Modelling optical properties of morphologically complex soot aerosols
Soot containing aerosol has both adverse impacts on the Earth's climate and on human health. Monitoring soot sources, transport pathways and sinks on global scale requires satellite-borne remote sensing techniques.
A detailed understanding of the soot particle's optical properties is important to improve the interpretation of remote sensing data as well as the use of lidar remote sensing data in chemical transport modelling. The calculations of the optical properties were carried out using the discrete dipole approximation (DDA). Aim of this thesis is to identify key morphological features, which affect the depolarisation ratio.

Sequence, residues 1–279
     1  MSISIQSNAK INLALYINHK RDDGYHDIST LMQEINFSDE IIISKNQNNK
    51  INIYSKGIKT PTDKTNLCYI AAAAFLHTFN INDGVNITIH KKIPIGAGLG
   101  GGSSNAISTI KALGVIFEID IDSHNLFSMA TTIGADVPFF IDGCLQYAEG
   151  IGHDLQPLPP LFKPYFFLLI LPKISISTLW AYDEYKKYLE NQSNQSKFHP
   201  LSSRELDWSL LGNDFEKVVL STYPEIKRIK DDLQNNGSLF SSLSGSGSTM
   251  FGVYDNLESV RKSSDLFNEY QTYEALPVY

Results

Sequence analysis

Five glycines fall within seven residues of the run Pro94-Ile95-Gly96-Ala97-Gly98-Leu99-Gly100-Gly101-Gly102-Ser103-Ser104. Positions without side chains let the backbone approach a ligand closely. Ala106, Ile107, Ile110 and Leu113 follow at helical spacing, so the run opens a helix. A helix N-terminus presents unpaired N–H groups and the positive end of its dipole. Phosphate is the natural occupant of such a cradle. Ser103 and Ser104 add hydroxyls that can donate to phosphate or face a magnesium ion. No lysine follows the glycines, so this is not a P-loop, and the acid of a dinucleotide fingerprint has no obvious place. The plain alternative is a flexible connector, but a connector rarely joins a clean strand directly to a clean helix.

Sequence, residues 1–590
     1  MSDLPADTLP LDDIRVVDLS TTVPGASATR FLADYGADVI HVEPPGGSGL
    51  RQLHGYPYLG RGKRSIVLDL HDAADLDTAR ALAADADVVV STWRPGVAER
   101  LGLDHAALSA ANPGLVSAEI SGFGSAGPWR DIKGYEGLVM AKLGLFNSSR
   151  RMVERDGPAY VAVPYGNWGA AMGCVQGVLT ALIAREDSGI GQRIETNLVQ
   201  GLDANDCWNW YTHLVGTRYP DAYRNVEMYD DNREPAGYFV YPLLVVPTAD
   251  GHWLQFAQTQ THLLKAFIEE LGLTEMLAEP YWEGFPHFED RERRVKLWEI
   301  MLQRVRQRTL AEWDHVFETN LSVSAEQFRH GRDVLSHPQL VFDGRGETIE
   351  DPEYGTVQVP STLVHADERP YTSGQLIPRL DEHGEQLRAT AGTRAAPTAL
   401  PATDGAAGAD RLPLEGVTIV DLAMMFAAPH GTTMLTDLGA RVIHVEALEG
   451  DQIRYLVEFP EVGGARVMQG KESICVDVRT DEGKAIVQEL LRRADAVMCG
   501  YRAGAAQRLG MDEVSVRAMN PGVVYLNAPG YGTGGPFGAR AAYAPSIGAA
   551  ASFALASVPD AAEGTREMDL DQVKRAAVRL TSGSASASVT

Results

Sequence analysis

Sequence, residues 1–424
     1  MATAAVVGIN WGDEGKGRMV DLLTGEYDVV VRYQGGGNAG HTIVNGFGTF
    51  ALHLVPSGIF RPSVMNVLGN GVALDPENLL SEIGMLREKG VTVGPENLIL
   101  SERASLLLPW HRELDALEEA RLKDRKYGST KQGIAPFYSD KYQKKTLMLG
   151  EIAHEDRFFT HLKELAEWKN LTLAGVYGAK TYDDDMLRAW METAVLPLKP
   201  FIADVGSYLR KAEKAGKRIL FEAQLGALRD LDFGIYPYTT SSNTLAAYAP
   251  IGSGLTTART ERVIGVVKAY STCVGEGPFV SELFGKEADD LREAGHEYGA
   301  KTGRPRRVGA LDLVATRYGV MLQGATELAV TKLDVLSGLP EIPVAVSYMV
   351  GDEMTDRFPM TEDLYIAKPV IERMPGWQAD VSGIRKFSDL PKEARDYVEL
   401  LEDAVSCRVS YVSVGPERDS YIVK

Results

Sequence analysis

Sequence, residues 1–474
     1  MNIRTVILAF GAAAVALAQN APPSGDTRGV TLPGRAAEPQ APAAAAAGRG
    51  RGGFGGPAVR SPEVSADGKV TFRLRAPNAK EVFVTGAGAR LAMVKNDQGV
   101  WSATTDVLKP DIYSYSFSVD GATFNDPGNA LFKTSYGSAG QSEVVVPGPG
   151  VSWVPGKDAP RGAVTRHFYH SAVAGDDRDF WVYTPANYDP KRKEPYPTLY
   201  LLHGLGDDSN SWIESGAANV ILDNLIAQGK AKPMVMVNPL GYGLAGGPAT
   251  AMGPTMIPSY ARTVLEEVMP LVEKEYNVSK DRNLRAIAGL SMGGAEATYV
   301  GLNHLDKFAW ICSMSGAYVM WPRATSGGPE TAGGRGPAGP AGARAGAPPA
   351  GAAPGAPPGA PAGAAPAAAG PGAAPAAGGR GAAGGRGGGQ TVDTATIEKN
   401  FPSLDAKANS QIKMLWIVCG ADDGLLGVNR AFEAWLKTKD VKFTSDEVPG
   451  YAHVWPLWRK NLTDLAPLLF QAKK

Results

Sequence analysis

As soot particles age in the atmosphere, condensation of other compounds from the gas phase onto the particles results in soot aggregates coated by liquid-phase material. Initially, the soot particles are coated by a thin film (i.e., the coating follows the shape of the aggregate). As more liquid phase material is added, the coating becomes increasingly spherical. It is found that this transition from film coating to radial growth of spherical shells is an important process affecting the linear depolarisation ratio. If this transition occurs first at relatively high amounts of coating, then the depolarisation ratio tends to be high. Conversely, if the coating becomes already spherical at low amounts of coating material, then the depolarisation ratio of the coated soot particles is much lower.
The linear depolarisation ratio of thickly coated aggregates was found to be sensitive to changes in the complex refractive index of the coating material, which represents changes in the chemical composition.
These differences in the optical properties, even after averaging over a particle size distribution, are large enough to clearly distinguish the coating materials.